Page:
One of the things that has always attracted me to urban planning and urban design is the field’s emphasis on both functionality and experience. For these fields, success isn’t merely building a smoothly-running city with effective transit and job creation, it’s about something more than that. Take it from the American Planning Association’s website: “The goal of planning is to maximize the health, safety, and economic well-being of all people living in our communities. This involves thinking about how we can move around our community, how we can attract and retain thriving businesses, where we want to live, and opportunities for recreation. Planning helps create communities of lasting value.”
That last point, recreation, is particularly interesting. How often do you see articles focused on recreation in the world of real estate technology or urban planning? By and large, the closest you’ll likely get is discussion of building amenities or gyms, like my recent take on the partnership between Industrious and Equinox. For smart cities, it’s even more obvious: What do we talk about there? Transit, connectivity, automation, sensors, and similar topics. All things that are necessary but not sufficient for a vibrant city experience.
Where does urban recreation stand, then? It’s not like most playgrounds make a killing in membership fees. Aside from the aforementioned gyms, what else is really out there as far as recreation in the city goes? There’s cycling, running, and skating; parks, which may have interactive features or durable fitness equipment; and sports courts for various games like basketball or tennis. Barring the introduction of things like bike-sharing, none of these choices have changed much since the days of Norman Rockwell. For professionals in real estate and tech alike, this makes for a very static world ripe for disruption.
One disruptor in the urban recreation space is Hubbster, a platform that augments recreational infrastructure such as ball courts or game tables with gear like balls, racquets, chess boards, or ping pong tables, as well as an app with social and security features meant both to help users find partners as well as cut down on misuse. The company recently expanded into Paris, a sign of recreation’s attractiveness within big cities.
Hubbster’s co-founder, Caroline de Francqueville Hansen, told me that “Back in the day, playful activities seemed to happen spontaneously in our big cities’ urban spaces. The image of kids gathering in the street after school to play football or other games made out of their own fantasy, was indeed not uncommon. Urban sprawl and car centric developments have however notably impacted this phenomenon. Today, cities, artists, architects and urban planners are rediscovering play and integrate it to various urban projects. The reason for doing that surpasses a good laugh. Playful installations and incentives for promoting recreation are part of a movement that seeks to ‘reclaim the streets and give them back to people.”
It’s easy to see how recreation has a profound ability to bring people together. As Caroline said, “our ambition is to strengthen local communities and to leverage technology to create real life social networking.” It’s not just true for Hubbster, though. From big sporting events to pick-up games, to the role of the apartment pool or gym, it’s these spaces in many ways that serve as common areas and maybe even as social glue. But while the economic benefits of stadiums may come with caveats, there’s a much more compelling case for investment in local, interactive recreational spaces. For Caroline, cities benefit from recreation in several primary ways: by reappropriating public spaces particularly away from car dominance, by building active, healthy communities, and by helping people connect with each other and their environment.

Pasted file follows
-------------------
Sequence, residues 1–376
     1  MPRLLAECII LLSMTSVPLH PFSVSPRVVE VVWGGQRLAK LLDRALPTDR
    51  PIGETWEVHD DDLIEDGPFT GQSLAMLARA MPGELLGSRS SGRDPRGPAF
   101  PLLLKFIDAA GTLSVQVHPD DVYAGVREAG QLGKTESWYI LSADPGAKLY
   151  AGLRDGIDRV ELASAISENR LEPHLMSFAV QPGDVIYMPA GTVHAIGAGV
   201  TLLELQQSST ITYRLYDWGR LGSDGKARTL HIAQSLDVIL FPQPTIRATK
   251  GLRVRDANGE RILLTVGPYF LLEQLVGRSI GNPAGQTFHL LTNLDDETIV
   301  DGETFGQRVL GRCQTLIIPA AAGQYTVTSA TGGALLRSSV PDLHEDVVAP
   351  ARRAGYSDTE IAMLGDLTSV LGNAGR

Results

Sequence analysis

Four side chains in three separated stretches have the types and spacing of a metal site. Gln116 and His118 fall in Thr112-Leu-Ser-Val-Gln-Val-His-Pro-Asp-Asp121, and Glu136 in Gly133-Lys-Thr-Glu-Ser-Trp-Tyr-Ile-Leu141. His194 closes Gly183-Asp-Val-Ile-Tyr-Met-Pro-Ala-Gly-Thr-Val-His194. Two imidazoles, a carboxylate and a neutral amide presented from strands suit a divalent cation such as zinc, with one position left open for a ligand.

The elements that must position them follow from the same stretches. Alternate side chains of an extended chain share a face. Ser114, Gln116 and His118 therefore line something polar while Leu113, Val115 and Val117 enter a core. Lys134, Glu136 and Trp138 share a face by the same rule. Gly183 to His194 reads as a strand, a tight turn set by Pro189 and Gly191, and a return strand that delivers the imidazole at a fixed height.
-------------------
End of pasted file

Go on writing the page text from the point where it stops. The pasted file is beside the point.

For cities and buildings, though, recreation brings more together than people. For one, it can connect buildings with their communities. In a recent article, I mentioned a building in Brooklyn tenanted by Socceroof, a soccer facility which served not only the building’s other tenants but neighbors and community members as well. It makes for a strong inspiration for other activity providers as taking space in a well-occupied building can provide a captive market as well as the benefits of a central city location. For the landlord, it’s yet another built-in amenity to incentivize other tenants, whether they’re renting apartments or office space.
Similarly, property owners should recognize the community-building strengths of group recreation. We’ve all been to gyms filled with nothing but treadmills, stationary bikes, and weight machines. Those may be nice for individual users but they’re not exactly great for building community. In a day and age when group activities need not take up entire fields worth of space (think racquetball, ping pong, bocce ball, or the board games that Hubbster offers), owners could perhaps get more bang for their amenity buck by installing community-building recreation areas in their office or apartment common areas.
Recreation may not be as fundamental to the everyday functioning of cities in the way that transit or safety are, but it can be a differentiator helping to attract people and businesses. And recreation may not be as important to commercial buildings as location or design, but it can be a powerful sales tool and an attractive lifestyle amenity. For these reasons and others, it’s an important factor for owners, developers and planners to consider.